ACWA’s Acting CEO Dr Wendy Foote reflects on changes announced by PwC Australia to its parental leave policy this week that will support staff members who are foster and kinship carers:
An interesting development has taken place in corporate Australia this week, with accounting giant PwC unveiling details of its new HR policy that aims to make life a little easier for their employees who are juggling work responsibilities with their commitment to fostering vulnerable children.
This is hardly front page news. Not when compared to the big business issues that usually grip our news cycles – the mergers and bankruptcies, the swirling share prices, staff cuts and salacious board scandals.
Nevertheless, the announcement of PwC’s new foster friendly employment policy is significant news for the child and family welfare sector because not only does it recognise the critical work of foster carers who provide safe, loving homes to some of our community’s most vulnerable children, but it also has potential to encourage more people to open their homes and foster. It is no secret that there is a chronic shortage of foster carers in our community. Carer recruitment is a vexed issue that continues to test our sector, and having an employer that understands and supports a staff member’s commitment to fostering could be a deciding factor for someone who is considering becoming a foster carer.
More broadly, it represents a small, but encouraging step towards a greater goal that involves all children being given the opportunity to thrive in a loving family. And surely this is something that goes to the heart of every civil society?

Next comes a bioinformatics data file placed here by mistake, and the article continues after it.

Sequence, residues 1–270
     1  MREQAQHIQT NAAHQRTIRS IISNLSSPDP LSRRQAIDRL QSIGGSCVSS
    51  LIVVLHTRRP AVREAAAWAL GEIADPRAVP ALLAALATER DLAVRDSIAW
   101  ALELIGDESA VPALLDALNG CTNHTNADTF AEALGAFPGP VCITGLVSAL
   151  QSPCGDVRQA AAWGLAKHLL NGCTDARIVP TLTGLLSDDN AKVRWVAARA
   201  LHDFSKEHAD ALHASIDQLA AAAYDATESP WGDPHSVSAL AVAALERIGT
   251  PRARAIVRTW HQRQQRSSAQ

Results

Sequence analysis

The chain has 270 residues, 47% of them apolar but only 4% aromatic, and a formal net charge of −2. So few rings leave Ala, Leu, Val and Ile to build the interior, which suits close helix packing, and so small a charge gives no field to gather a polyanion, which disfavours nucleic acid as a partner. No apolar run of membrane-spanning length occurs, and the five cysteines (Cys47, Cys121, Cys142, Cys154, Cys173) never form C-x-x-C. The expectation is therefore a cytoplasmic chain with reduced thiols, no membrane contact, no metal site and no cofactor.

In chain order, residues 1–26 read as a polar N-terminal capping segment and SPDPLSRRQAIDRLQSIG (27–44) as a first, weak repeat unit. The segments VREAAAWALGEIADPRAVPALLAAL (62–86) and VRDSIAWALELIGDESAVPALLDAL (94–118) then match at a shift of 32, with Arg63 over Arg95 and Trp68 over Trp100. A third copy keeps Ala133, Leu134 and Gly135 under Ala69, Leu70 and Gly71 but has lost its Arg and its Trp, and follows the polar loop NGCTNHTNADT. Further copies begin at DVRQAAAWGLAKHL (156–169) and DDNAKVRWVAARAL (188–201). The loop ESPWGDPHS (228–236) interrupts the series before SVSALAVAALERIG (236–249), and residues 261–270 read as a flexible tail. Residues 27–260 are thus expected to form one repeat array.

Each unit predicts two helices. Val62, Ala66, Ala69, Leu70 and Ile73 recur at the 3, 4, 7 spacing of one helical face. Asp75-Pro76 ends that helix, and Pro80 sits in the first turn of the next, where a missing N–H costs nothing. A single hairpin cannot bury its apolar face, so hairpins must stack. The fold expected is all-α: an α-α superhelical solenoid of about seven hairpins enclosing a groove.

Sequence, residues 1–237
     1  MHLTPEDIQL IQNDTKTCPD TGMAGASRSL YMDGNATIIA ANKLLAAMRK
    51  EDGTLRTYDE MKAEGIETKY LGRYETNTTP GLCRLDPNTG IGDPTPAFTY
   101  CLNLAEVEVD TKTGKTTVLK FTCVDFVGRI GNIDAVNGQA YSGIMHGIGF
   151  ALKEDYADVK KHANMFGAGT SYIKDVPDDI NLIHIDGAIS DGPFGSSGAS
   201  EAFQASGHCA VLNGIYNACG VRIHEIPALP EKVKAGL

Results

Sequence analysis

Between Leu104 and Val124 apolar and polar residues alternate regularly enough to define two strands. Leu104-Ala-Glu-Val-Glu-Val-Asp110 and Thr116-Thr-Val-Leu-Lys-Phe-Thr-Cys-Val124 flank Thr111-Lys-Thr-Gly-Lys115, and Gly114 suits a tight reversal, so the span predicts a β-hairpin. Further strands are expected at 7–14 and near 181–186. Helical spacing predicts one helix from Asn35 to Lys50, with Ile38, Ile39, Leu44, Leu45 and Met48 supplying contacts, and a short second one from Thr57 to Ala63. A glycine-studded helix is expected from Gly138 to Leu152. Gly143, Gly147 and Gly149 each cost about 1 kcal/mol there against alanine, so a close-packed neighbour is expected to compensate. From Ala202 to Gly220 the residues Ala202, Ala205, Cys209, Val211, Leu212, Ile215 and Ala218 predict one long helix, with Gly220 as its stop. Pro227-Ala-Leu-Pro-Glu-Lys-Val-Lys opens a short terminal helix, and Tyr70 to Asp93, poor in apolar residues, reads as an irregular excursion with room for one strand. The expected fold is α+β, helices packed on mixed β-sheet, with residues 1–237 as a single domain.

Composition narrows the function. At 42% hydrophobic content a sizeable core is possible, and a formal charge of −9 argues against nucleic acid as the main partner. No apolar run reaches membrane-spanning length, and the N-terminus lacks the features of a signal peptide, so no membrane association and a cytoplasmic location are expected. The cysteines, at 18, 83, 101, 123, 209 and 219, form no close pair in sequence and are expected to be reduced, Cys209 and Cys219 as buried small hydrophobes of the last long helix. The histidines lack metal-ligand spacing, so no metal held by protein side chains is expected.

The new employment benefits introduced by PwC give foster carers and kinship carers working in the organisation full paid parental leave. They can take the full 90 days in one lump, or work two or three days a week over a longer period of time, giving them vital flexibility they might need to respond to the needs of the children who come into their care – and often at short notice.
For example, when a child is placed with a new foster carer they can be, at best, anxious and upset or, at worst, severely traumatised as a result of the experiences that have brought them there. Both carer and child have many challenges to navigate during this settling in period. It is a critical time when trust, understanding and familiarity is forged. Being granted leave from work during this time is therefore essential. It means the carer can focus on the needs of these children without being worried about their workplace commitments or their financial situation.
Combining the responsibilities of fostering with the workplace can be a tough ask, but a healthy dose of corporate backing can certainly help promote the process. By supporting staff who are foster carers PwC is actively supporting one of the most vulnerable populations in our society. It is a great example of good corporate governance that is compatible with compassion, and for this they should be applauded.